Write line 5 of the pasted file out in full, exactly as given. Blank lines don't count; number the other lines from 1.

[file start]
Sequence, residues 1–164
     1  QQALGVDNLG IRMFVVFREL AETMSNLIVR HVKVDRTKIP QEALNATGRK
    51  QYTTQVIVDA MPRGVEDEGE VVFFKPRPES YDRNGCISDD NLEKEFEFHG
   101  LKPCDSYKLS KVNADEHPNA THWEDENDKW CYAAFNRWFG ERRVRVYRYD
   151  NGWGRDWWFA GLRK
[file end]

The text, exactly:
   151  NGWGRDWWFA GLRK